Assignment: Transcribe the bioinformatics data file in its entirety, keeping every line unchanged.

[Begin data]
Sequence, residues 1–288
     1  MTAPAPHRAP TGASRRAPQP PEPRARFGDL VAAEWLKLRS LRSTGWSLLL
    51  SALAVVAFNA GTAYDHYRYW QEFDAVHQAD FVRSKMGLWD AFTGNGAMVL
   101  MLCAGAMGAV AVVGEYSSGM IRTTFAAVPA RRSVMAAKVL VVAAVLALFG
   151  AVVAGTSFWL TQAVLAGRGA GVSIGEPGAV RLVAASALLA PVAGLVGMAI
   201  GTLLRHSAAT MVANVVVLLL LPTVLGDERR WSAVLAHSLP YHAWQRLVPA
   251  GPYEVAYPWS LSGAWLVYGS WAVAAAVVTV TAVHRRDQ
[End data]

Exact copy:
Sequence, residues 1–288
     1  MTAPAPHRAP TGASRRAPQP PEPRARFGDL VAAEWLKLRS LRSTGWSLLL
    51  SALAVVAFNA GTAYDHYRYW QEFDAVHQAD FVRSKMGLWD AFTGNGAMVL
   101  MLCAGAMGAV AVVGEYSSGM IRTTFAAVPA RRSVMAAKVL VVAAVLALFG
   151  AVVAGTSFWL TQAVLAGRGA GVSIGEPGAV RLVAASALLA PVAGLVGMAI
   201  GTLLRHSAAT MVANVVVLLL LPTVLGDERR WSAVLAHSLP YHAWQRLVPA
   251  GPYEVAYPWS LSGAWLVYGS WAVAAAVVTV TAVHRRDQ